Joe turned everybody out before we could stop him and opened a window, because, he said, the place needed some fresh air. But Hank wanted to film actual opium smoking, and he asked me to smoke a pipe or so for him. Joe showed me how to put a small wooden pillow under my neck so that I was propped up on the bunk. We were given a small pill-box of brown ointment-like opium, and Joe forced a little of it into the bowl of a miniature pipe, which I had to hold over a spirit lamp until the opium bubbled and almost melted, and then draw the smoke into my lungs in quick puffs. It was difficult to manage at first, and after I had tried four pipes, Joe took over and finished the pill-box while Hank took his film. Opium, Joe said, was not at all a good habit, but it was his habit – and his reason for leaving San Francisco. Opium, he said, had been too expensive there, ten American dollars a pipe.

In the Walled City it was very cheap. After we had finished our pill-box, we gave the man who kept the smoking room five Hong Kong dollars (about seven shillings and sixpence) because we had disturbed his customers. These men were regulars who dropped in most evenings for two, three, or four pipes, paying a few Hong Kong cents a week. The smoking-room keeper’s main expense, he said, was the 87 dollars he paid the Hong Kong police every month. It was too much, he said; and the police had wolf-hearts. He bought his opium with, he said, no trouble at all from what was smuggled into the colony. It was not, Joe said afterwards, very good opium, probably Indian grown. In fact he thought this particular smoking-room keeper mixed it with horse dung to make it go further. But anyway good opium, smuggled in from Laos and Upper Thailand, is much more difficult to get, more expensive, and mostly smoked by wealthy and fastidious men giving business parties.

Later I went back to the Walled City about four times with people who wanted to see the smoking dens. We went to different places each time, and the only time there was any difficulty about finding a place to go was when we took a Hong Kong Englishman who spoke Cantonese and wore knee-length woollen socks and white shorts. Americans and most Chinese in hot climates wear long linen trousers. Everybody in the Walled City thought the Englishman must be a police spy, and nobody would show us a smoking place until he went away.

I found that opium always had the same, most pleasant effect on me. I felt enormously self confident, very happy (like the pleasantest effects of drink) and then very hungry. I never felt at all dreamy or as if I was seeing visions, but I did feel after four pipes that I was walking six inches above the ground, and I found unexpected beauty in the rush of Kowloon traffic. The hunger never failed, and I think the enormous Chinese meals I used to eat after smoking accounted for the one time I felt slightly sick four hours later.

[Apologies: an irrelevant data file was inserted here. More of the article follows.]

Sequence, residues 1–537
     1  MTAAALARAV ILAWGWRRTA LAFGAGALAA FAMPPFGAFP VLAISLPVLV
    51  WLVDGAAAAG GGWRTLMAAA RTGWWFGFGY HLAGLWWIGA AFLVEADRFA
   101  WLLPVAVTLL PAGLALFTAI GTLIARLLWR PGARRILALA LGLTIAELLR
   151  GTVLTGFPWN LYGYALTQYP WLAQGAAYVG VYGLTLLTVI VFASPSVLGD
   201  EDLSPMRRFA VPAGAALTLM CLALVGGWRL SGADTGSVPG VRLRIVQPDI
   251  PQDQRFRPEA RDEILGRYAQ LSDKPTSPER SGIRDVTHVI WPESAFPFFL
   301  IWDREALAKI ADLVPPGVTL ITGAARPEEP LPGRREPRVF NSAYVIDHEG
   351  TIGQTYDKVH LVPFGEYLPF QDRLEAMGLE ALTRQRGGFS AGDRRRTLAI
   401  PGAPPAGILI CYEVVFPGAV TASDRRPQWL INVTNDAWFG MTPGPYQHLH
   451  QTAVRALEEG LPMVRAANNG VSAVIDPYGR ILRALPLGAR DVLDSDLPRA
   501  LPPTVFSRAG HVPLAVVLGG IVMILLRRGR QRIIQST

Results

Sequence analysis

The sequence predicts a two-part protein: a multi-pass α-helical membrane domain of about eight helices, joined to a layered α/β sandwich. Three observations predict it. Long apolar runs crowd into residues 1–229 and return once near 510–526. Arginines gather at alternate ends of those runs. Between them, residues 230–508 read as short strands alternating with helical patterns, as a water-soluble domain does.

It is nearly two years since I last smoked, and I never felt any particular craving for opium. But if somebody offered me a pipe now, I would just as soon spend a free evening smoking as reading a woman’s magazine or going to the cinema. It can, I know, be a dangerous habit. Joe, like other strongly addicted opium smokers, was so thin that his clothes seemed to be falling off him, and smoking left him, not hungry as it left me, but unwilling and unable to eat. Another Chinese I knew in Hong Kong – American and British educated – had to get up at seven o’clock in the morning if he had a lunch engagement. He could not begin work or talk to people until he had his five hours of opium smoking first. Other opium smokers leave their jobs and spend all the money they have on their drugs. Both Singapore and Hong Kong have private temples, as well as the official British-run cures and prison hospitals where Chinese addicts can go for a voluntary cure.

On the other hand the club I stayed at in Hong Kong had an old reporter living there who could not keep his lunch engagement unless he started drinking whisky at 8 o’clock in the morning – and whisky is much more expensive than opium and seems to have a more unpleasant effect on its addicts. Also more than half my friends cannot work unless they can smoke at the same time. Opium, so the Chinese told me, does not excite people to crime, or to beat their wives or to shout. Moreover, so the educated opium addict I knew said, it does not give people lung cancer.”

Lois Mitchison went on to write numerous books about China that were translated into several languages
Lois Mitchison went on to write numerous books about China that were translated into several languages